However, the change in livelihood pattern and proximity to city has not changed the available infrastructure in the village. Still ten percent of the households in the village lack toilet facility within their premises, drains are not properly laid, not all the roads are pucca and streetlights are still missing. The nearest Primary Health Centre (PHC) is about 5-10 kilometers away from the village, and as per the census 2011, the village don’t have any health sub-center also. The only Government Primary School in the village has just two rooms which accommodates five classes.

Conclusion:

Hinnakki is a perfect example of peri-urban areas where rural form of livelihood is giving way to urban employment pattern. The required skill set to get employed has changed drastically in last 10 to 15 years without giving an opportunity to the residents of peri-urban areas to get themselves attuned accordingly. Although, the neigbouring urban areas have opened a wide range of employment opportunities for the residents of peri-urban areas but they have to compete with the urban population to access them. At this juncture, the residents of peri-urban areas need institutes aligned to the need of the employment market and better infrastructure.Rarely any programs are designed in the country to cater to the needs of peri-urban areas. However, after going through a list of program initiated by Ministry of Rural Development, GoI, a program named ‘Provision of Urban Amenities to Rural Areas (PURA)’ which is initiated with a mission of “holistic and accelerated development of compact areas around a potential growth centre in a Gram Panchayat (or a group of Gram Panchayats) through Public Private Partnership (PPP) framework for providing livelihood opportunities and urban amenities to improve the quality of life in rural areas” is found which might cater to the need of the peri-urban areas. The program is specifically designed to provide road connectivity, communication network and knowledge connectivity by establishing professional and Technical institutions. The initial look in the programs’ activities seems to be catering to the requirements of Hinnaki but it needs further research. This will take few more years as the program is still in its pilot phase. Till then, these areas need special attention from development organizations, policy makers, anthropologists, and social researchers.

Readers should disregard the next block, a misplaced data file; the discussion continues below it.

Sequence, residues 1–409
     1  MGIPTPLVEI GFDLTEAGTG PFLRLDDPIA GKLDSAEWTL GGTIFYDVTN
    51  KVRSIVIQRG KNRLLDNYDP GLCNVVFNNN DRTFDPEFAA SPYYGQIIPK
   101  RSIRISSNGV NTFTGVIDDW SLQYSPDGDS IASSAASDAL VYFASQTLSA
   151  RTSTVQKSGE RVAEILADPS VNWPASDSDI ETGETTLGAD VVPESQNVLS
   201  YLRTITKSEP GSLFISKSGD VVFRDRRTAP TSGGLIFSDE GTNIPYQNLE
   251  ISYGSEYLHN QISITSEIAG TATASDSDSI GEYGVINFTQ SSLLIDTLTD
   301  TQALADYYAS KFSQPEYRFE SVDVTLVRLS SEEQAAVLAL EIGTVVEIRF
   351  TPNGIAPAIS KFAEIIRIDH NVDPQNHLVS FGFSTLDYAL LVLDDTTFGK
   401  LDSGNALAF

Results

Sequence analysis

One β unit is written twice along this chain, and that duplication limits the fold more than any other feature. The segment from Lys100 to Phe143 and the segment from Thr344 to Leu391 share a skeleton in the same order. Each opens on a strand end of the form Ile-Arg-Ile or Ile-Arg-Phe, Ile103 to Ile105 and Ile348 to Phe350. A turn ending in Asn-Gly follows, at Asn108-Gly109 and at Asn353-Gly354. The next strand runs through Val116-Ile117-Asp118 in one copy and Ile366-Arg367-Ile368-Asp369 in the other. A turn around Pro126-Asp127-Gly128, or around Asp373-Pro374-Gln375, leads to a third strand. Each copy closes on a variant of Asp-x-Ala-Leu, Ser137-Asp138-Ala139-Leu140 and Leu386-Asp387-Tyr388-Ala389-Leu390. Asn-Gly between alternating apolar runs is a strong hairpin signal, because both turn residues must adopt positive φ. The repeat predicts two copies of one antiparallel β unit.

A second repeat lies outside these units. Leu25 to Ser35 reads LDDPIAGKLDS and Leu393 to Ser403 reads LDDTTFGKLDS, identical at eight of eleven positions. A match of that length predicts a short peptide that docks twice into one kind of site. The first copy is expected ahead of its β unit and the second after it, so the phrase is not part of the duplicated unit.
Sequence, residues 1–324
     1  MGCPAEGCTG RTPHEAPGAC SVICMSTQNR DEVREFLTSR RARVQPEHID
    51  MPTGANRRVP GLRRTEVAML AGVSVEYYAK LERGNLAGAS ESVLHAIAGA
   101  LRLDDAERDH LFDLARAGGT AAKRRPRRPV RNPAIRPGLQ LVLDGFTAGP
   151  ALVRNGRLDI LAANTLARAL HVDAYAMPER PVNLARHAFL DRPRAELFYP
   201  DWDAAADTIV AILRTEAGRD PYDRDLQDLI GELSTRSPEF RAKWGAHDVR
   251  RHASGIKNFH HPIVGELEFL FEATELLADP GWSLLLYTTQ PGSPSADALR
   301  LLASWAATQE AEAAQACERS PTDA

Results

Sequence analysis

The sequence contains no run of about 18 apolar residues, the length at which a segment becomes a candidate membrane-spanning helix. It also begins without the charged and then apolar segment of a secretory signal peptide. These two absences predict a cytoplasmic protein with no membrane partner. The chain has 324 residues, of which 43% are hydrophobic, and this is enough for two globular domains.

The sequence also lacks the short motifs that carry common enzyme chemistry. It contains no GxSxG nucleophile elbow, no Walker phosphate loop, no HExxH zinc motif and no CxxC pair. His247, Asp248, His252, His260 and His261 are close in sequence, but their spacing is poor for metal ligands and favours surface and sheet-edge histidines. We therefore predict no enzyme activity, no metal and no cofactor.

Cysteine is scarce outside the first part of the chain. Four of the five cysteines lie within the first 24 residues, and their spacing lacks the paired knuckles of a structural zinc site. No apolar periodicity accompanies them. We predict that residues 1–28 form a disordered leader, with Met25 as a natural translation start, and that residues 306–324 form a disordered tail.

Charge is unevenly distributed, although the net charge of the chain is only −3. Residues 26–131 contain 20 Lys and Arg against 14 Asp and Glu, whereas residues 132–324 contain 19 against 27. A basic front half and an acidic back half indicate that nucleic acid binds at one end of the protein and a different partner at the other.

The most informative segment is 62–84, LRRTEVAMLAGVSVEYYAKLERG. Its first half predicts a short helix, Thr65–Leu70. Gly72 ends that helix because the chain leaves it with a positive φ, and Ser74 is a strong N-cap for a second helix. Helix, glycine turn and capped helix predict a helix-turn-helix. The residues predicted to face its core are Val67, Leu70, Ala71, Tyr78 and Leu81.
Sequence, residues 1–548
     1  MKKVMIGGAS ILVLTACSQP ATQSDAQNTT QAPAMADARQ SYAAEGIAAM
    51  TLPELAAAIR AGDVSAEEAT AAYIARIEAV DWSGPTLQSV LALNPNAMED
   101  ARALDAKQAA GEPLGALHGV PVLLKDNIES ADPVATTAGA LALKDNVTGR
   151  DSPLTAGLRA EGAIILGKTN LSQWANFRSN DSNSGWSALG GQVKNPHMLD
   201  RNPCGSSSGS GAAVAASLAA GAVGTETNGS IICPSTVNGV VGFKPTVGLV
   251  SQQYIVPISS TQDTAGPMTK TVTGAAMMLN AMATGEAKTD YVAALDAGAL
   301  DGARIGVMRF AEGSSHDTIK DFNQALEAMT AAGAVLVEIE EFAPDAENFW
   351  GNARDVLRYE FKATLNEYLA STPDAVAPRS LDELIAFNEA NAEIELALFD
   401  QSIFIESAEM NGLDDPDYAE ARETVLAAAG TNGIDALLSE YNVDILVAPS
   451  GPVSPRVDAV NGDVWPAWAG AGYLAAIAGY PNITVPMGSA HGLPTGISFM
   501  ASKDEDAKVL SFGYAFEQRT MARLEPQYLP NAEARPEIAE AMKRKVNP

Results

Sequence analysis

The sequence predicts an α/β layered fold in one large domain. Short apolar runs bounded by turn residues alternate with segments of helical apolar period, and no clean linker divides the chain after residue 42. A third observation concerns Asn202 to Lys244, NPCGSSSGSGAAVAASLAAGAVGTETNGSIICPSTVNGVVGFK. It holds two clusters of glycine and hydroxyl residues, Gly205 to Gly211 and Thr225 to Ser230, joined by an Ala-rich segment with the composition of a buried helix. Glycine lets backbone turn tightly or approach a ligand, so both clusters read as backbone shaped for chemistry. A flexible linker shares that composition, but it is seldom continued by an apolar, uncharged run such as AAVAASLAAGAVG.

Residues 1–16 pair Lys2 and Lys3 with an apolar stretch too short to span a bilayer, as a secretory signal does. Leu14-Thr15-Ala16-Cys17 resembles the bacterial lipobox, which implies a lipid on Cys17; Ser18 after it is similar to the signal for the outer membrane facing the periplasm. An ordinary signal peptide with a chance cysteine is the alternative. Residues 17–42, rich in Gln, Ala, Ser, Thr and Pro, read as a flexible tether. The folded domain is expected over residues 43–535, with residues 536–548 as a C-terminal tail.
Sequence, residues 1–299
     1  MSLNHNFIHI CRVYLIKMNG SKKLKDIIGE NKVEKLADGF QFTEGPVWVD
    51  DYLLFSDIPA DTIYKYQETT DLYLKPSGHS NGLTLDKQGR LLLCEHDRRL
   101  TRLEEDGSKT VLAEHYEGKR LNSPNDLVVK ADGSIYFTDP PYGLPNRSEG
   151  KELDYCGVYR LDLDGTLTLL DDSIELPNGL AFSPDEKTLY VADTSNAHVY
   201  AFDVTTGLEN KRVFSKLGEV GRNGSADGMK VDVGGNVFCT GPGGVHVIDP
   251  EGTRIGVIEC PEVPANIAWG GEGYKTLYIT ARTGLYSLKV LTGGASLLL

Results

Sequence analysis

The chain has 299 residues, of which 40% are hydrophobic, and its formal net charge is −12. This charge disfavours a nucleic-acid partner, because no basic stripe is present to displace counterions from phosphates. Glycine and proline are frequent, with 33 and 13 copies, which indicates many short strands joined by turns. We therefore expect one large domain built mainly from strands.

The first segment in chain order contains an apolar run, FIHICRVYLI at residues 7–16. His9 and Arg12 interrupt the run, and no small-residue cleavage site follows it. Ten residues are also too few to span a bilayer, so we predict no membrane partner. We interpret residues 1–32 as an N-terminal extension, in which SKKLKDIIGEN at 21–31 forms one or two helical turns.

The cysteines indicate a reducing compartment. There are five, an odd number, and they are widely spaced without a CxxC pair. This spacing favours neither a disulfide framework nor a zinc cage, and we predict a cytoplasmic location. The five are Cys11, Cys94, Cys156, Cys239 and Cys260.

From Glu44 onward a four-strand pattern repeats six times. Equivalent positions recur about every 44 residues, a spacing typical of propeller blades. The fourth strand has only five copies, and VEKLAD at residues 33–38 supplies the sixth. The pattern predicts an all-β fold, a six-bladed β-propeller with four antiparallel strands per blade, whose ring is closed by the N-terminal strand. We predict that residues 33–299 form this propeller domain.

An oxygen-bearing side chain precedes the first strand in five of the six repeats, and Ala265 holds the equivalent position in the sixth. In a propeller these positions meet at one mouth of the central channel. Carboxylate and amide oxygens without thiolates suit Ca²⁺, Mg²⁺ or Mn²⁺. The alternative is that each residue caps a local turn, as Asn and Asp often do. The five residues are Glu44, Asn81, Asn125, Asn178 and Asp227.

References:

  1. The Food and Agriculture Organisation in its publication entitled “Urban and Peri-Urban Agriculture: A briefing guide for the successful implementation of Urban and Peri-urban Agriculture in Developing Countries and Countries of Transition”. FAO for UN. Rome, Italy. 2001. Retrieved on November 2016 from http://www.fao.org/docs/eims/upload/215253/briefing_guide.pdf
  2. Merriam-webster dictionary has described peri-urban areas as – of or relating to an area immediately surrounding a city or town. (Retrieved on 11th October, 2016 from http://www.merriam-webster.com/dictionary/peri%E2%80%93urban)
  3. Refer next paragraph for the definition given by Census for urban/rural areas